The Samburu tribe’s people have long experience of this part of Northern Kenya. Moving seasonally with their herds of cattle, they know well the terrain and the wildlife that also calls this place home. When they are only 5 or 6 years old, young Samburu boys are sent to watch the goats as they browse in the craggy bush. This time is well-spent discovering where barbets make their nests, how to recognise the tracks of a leopard, and to listen for the call of the honey-guide.
Walking with the ochred, young warani (warriors) and their camels is possibly the best way to really feel part of the bush, and see some of the small things otherwise missed in a vehicle. Big game might be a bit more elusive, but the leisurely pace and the sight, smell and feel of nature all around you, is unique. A simple but comfortable tented camp, a hot shower and tasty meal awaits you at the end of the day. You can tumble into your warm bed with a glow of exhilaration and your senses buzzing.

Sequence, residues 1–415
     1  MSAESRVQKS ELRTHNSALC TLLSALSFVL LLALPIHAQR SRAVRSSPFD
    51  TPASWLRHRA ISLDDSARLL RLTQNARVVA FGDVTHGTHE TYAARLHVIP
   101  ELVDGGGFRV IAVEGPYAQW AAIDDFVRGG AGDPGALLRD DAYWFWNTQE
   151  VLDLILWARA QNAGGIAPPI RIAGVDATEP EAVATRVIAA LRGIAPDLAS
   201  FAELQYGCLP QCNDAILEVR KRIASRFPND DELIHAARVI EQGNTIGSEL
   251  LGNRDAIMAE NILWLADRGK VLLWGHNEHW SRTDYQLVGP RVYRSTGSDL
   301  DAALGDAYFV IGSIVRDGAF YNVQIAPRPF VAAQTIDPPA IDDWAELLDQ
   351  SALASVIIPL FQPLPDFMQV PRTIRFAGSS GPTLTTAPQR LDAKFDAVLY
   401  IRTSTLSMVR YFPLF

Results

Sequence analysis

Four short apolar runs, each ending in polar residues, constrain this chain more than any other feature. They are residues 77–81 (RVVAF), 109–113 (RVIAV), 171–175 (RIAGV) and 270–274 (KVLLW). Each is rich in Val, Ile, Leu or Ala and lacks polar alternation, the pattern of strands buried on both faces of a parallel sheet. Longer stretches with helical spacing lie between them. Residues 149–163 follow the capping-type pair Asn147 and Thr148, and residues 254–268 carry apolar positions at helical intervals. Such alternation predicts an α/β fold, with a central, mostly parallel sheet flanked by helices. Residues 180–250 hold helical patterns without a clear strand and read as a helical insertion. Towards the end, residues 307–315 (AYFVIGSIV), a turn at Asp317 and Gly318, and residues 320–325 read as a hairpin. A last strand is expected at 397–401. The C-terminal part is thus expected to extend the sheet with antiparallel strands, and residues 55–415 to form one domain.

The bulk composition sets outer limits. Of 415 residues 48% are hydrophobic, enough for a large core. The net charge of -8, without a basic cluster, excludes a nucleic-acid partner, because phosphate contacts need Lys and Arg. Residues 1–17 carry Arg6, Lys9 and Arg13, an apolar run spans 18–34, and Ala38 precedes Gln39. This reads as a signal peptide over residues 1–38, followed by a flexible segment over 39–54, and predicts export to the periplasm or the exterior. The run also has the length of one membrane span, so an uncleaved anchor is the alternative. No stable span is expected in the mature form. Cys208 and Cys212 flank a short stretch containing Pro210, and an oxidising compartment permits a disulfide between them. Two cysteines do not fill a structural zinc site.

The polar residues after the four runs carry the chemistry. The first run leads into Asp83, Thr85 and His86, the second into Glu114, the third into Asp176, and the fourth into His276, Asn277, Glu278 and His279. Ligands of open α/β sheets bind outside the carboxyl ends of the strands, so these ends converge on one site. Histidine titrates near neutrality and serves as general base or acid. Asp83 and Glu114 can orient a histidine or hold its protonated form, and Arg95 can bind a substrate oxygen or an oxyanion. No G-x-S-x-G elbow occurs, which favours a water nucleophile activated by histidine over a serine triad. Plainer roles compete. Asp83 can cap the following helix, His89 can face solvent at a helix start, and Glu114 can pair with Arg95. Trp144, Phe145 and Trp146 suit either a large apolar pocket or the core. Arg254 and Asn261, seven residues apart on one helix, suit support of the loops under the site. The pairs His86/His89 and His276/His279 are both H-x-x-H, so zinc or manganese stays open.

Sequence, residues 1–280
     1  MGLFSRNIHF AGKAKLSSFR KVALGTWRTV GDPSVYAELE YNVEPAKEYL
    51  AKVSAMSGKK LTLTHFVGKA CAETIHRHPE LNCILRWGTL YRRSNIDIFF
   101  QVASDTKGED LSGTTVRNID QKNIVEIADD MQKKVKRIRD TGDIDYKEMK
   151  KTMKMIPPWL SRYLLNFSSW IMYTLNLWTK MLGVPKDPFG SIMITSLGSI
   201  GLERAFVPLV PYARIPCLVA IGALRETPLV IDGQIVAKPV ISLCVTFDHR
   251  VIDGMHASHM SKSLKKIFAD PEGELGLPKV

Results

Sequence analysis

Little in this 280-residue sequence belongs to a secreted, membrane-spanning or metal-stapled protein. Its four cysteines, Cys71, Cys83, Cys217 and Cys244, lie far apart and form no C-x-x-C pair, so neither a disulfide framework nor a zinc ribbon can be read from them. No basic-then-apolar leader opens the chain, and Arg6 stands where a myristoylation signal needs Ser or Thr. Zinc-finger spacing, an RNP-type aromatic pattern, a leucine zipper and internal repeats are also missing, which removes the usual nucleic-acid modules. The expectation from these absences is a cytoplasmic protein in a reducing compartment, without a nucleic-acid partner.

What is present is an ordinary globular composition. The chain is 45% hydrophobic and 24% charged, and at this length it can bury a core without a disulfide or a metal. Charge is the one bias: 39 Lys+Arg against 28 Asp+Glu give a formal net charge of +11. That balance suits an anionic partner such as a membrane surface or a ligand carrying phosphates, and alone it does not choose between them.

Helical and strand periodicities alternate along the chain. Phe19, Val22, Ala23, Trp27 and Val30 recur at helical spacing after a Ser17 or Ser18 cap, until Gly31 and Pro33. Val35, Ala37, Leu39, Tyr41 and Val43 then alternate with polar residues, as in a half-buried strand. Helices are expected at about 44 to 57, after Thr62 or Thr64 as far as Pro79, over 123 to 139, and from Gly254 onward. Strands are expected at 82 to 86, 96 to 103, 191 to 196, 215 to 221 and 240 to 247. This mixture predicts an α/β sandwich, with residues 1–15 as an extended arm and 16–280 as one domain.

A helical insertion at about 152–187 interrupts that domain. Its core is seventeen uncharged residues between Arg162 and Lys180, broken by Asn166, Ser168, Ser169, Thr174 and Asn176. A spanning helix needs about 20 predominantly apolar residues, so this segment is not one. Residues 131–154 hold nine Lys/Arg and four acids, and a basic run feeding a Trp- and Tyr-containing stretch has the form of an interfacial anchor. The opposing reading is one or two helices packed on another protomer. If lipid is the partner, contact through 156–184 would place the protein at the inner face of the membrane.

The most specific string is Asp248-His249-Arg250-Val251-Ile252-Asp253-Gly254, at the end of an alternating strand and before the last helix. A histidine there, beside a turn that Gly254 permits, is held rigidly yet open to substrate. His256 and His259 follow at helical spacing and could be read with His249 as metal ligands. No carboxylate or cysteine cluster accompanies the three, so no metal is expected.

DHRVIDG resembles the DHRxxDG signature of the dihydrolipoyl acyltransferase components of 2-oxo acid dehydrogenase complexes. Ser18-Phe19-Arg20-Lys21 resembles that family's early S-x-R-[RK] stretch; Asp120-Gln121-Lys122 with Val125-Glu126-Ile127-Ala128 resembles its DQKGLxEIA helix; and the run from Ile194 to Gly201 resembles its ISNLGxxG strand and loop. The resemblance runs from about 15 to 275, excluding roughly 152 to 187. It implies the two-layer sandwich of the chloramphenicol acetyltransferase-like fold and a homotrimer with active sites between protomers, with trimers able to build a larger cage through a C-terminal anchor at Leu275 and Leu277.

Catherine's long experience of, and enthusiasm for Africa, makes her a mine of travel information. Add to the mix her vivacious character and inscrutable attention to detail and there are few people you'd rather have plan your holiday.